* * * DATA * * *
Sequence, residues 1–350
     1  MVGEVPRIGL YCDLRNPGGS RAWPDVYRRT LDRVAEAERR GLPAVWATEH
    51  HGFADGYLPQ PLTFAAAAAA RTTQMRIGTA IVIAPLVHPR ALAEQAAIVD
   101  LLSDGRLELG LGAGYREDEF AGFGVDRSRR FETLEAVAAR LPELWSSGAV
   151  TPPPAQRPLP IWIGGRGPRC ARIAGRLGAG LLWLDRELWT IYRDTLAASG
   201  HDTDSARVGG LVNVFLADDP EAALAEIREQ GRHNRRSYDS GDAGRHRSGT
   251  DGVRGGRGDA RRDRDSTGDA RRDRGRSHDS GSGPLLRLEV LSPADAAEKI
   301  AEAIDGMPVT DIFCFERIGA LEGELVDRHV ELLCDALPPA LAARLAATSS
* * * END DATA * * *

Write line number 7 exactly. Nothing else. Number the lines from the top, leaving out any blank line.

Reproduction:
   251  DGVRGGRGDA RRDRDSTGDA RRDRGRSHDS GSGPLLRLEV LSPADAAEKI